Play Live Radio
Next Up:
Available On Air Stations
Watch Live

KPBS Midday Edition

San Diego City Council Takes Up Hotel Tax Hike Revisions

San Diego City Councilman Mark Kersey sits at the dais, Dec. 12, 2016.
Milan Kovacevic
San Diego City Councilman Mark Kersey sits at the dais, Dec. 12, 2016.
San Diego City Council Takes Up Hotel Tax Hike Revisions
San Diego City Council Takes Up Hotel Tax Hike Revisions GUEST: Mark Kersey, councilman, City of San Diego

The San Diego city Council will be discussing the Mayers convention center expansion financing plan to date and whether it should be placed on this palette or next November's ballot or put before voters at all. The mayor is asking for a special election in November because he claims the expansion is needed as soon as possible and it will only increase the cost of construction. They will also soon decide if the proposed soccer city Mission Valley development should be placed before voters in November. The Council continues to work on this budget. Joining me is Mark Kersey. A recent report in that Union-Tribune describe the Council as sharply divided over the special election request for both the convention center and soccer city. Is that how you describe it? I think that is a fair assessment. If you look at the comments that my colleagues made for the upcoming fiscal year over the last few weeks, you did hear a lot of perspectives on both the projects themselves as well the timing of an election, which could be a special this fall or next year. Do you support both measures on the ballot? I support the need to expand the convention center. I've been a firm supporter of that project since before I got on the Council because their return on investment is quite high. Weather that goes into November or next year is going to be where the Council had to decide because my concern is just when can we get this thing passed. So if it looks like that can happen this November, then that is great. If it looks like we have better chances next year, that is something I'm open to as well. Have you made a decision on the soccer city plan? I have not. The proposal itself is a very interesting one. I like the idea of bringing the team here. My position has been this need to go to a public vote. My question now is do we do that in a special or wait until two special elections next year. I am on the fence about that. Is something that I can see arguments on both sides and I don't care for a professional sports franchise driving our decision-making process because we've been down that out before. This is something where I think we need to have on the Council. Do you think the mayor is lobbying hard enough to get the support even from the city Council. The reason I asked that is because the labor Council voted last week to oppose the current version of the Convention Ctr., Sebastian -- center expansion proposal. So is the mayor getting out there and really working for this considering that it would need two thirds vote to get approved which makes I think anytime you need a two thirds vote for anything is a heavy left. I've seen the mayor out there talking to groups around town about it. Is he doing enough? I don't know. I would tell you that a two thirds threshold is almost impossible. It was set up that way by the crafters of proposition 13. It is a situation where you really need to have a very broad and very diverse coalition of supporters and virtually no organizer funded opposition to make this thing happen. The independent budget analyst recommended that the city come up with the five-year plan to spend the tax money that would come in from the convention center expansion proposal that elevated TOT tax to spend that money for road repairs and homelessness and have a plan to do it. Does the city have those plans already and do you think a plan like that would help? I do think that a strategy for how we are going to really tackle homelessness is obviously something that I would support and I think a majority of my colleagues do as well. With road repair, I think we have a pretty good plan in place in terms of our multi-year infrastructure capital Outlook. If we had more money, we would be able to accelerate additional road repair. I think that would be basic enough.'s more challenging because you're dealing with much more complex issues. Mental health issues, substance abuse issues, a lot of issues that the county has much more jurisdiction than the city does. So it is a situation where you have a lot of various service providers, government agencies, advocacy groups, who are involved in this discussion about homelessness. So that is where the city is a part of that. The city is not necessarily the lead part of that because there are so many different sources of funding. Yes, I would say that if this money were to be coming in, we do need a plan for how we are going to spend it. We could bond against it. It is about $10 million a year and growing. We could bond against that to build homeless facilities and more permanent supportive housing or there are other options as well. I think the voters would want to see a plan for where that money is going to be spent. So the measure that you sponsored and won approval is supposed to take new revenues to use money from new revenues and use it towards infrastructure. There's some talk that because of the budget talks and deficit that should be suspended in any extra revenue could be used to fill the budget gaps this year. How do you feel about that? We are not going to be suspending the proposition. Especially the first year. Is a situation where we have such a backlog of need when it comes to the infrastructure. We are not going to go backwards on what the voters have clearly spoken very loudly as a top priority. Any proposals to sit to suspend the proposition would be repeating the mistakes of the past and funding got cut because it was it glamorous enough for it just wasn't as appealing that the city could spend money and that thinking got us into this situation we are in today within the deficit. So we will not be going back on that and be repeating the mistakes of the past. We will be moving full speed ahead with investing more in infrastructure and the fund that the voters created by passing the proposition will be spent on infrastructure as they desire. I've been speaking with Mark Kersey. Thank you so much. Thank you. Coming up are some of those mass-market genetic test where the money? It is 12:20 and you are listening to KPBS Midday Edition.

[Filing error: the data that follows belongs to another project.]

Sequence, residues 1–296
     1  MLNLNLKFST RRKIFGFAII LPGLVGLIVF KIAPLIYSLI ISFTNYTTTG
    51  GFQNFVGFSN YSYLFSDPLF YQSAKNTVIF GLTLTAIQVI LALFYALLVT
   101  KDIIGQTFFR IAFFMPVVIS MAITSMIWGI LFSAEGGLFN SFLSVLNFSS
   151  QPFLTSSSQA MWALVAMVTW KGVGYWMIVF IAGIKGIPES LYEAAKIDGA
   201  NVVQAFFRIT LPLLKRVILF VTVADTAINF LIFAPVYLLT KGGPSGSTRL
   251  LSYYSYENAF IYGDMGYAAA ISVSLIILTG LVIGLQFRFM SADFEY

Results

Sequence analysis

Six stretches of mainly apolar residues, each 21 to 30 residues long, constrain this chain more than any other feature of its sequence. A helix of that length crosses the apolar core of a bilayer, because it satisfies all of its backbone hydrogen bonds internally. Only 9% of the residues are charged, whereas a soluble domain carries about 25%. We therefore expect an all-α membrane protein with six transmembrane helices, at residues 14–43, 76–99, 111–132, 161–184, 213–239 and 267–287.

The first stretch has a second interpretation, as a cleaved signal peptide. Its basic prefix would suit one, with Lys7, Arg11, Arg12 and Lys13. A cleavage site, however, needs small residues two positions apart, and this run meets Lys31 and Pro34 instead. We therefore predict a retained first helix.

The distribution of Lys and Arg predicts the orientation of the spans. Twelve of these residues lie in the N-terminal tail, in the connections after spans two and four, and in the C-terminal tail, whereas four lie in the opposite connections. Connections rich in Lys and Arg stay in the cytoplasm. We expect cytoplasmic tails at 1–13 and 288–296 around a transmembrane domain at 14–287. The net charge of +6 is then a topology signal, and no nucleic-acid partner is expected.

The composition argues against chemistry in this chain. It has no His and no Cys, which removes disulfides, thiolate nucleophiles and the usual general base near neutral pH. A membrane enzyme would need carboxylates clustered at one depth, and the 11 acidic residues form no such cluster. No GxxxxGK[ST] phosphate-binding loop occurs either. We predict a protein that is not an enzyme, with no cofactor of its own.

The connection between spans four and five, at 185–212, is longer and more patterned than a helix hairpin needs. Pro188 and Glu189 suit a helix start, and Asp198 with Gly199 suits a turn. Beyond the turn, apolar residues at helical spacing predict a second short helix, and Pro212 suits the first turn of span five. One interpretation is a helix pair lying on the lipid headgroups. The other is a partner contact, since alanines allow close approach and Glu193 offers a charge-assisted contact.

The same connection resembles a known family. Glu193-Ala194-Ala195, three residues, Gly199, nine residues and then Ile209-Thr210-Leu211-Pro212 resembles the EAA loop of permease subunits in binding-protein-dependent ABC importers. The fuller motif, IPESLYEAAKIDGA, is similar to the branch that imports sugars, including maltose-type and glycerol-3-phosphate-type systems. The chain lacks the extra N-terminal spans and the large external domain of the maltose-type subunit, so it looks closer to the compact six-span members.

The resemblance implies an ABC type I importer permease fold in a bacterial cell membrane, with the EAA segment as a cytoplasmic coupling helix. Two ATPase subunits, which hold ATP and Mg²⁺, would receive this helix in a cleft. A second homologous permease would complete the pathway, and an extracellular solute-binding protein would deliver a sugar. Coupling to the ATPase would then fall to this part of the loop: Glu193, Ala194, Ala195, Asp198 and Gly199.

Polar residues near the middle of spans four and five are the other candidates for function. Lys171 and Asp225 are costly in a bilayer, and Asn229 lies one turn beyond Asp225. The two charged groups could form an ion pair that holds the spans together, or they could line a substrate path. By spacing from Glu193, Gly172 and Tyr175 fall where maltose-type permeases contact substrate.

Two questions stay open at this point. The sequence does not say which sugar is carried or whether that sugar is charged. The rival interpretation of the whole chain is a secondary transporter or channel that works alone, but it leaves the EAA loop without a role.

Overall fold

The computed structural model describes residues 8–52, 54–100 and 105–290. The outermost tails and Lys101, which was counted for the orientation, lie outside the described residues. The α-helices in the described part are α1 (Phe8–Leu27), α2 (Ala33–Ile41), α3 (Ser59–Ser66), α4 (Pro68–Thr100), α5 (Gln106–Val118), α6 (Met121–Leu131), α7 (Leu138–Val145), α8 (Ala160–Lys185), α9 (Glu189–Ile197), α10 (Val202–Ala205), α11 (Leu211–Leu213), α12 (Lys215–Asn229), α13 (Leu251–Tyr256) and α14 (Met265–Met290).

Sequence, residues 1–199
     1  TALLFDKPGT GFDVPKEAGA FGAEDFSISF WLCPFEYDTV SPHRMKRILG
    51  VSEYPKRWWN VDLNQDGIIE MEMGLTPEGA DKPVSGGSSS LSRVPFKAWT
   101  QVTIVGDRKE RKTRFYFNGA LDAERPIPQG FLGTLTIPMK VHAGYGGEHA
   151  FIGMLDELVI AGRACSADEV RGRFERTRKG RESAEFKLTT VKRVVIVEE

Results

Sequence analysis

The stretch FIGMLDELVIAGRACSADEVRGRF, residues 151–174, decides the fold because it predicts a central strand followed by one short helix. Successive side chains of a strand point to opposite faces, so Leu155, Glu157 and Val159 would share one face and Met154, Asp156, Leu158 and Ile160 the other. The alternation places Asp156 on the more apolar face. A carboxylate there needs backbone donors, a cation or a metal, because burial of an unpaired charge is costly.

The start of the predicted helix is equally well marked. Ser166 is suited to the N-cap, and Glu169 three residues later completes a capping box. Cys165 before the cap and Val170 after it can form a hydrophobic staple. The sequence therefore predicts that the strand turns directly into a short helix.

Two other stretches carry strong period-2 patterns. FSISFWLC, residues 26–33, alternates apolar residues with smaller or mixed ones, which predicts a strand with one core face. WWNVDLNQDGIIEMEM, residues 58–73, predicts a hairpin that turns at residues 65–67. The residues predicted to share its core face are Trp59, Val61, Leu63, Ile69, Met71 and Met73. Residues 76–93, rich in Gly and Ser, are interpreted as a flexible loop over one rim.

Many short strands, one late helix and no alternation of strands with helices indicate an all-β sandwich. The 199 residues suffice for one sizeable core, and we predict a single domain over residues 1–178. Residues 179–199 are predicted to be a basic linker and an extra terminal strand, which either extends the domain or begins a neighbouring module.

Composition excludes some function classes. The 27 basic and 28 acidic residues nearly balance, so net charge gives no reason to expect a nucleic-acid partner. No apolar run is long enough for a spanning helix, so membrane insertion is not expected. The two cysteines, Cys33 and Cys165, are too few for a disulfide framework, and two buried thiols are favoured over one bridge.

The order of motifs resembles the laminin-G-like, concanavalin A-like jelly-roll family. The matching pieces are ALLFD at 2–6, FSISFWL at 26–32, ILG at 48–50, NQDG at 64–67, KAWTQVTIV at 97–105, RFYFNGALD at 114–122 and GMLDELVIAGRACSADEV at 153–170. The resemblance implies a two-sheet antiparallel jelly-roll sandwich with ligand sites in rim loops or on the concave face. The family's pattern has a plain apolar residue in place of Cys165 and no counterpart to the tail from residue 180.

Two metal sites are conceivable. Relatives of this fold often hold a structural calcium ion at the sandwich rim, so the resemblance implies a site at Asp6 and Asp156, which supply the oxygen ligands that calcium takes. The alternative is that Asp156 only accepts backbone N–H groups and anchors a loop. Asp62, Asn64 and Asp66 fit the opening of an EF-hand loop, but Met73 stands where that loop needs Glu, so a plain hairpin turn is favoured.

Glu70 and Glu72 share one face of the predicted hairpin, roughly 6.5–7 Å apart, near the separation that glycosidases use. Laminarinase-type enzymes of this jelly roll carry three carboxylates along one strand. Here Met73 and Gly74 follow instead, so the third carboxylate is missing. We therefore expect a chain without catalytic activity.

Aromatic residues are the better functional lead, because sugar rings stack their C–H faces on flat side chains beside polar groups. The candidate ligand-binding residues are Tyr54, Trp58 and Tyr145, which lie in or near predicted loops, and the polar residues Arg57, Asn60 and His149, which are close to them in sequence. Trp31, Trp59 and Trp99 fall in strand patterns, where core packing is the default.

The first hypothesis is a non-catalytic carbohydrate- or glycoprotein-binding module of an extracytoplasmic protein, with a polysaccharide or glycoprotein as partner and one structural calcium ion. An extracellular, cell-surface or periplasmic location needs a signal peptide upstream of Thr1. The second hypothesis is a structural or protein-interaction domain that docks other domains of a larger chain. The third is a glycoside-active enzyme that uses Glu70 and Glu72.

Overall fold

The San Diego City Council on Monday will consider Mayor Kevin Faulconer's revised plan to finance a San Diego Convention Center expansion through hotel tax increases and whether that plan should be placed on the November ballot.

Faulconer has proposed raising hotel taxes by up to 3 percent in some areas of the city to fund a $685 million Convention Center expansion. The measure would allocate 64 percent of the tax revenue toward the expansion, with 18 percent each going towards road repairs and homelessness programs. The tax, which is expected to generate $55 million in revenue its first year, would need at least two-thirds support from voters.

A report from the city's Independent Budget Analyst on Friday noted the measure had been updated after several council members asked for more homelessness funding last month. Now, if there is excess revenue from the Convention Center, the city can redirect that money toward street repairs or homelessness. But the IBA cautioned that is not likely to happen for at least 20 years.


The IBA also recommended that the mayor's office develop a five-year plan on how it plans to spend the street repair and homelessness funds for Council approval.

Faulconer said a special election this year is needed because delays will only increase construction costs. But some council members want to push the vote to next November due to the cost of a special election and a higher expected turnout in 2018.

Council President Pro Tem Mark Kersey joins KPBS Midday Edition to discuss his stance on the proposal and what infrastructure projects the measure could support.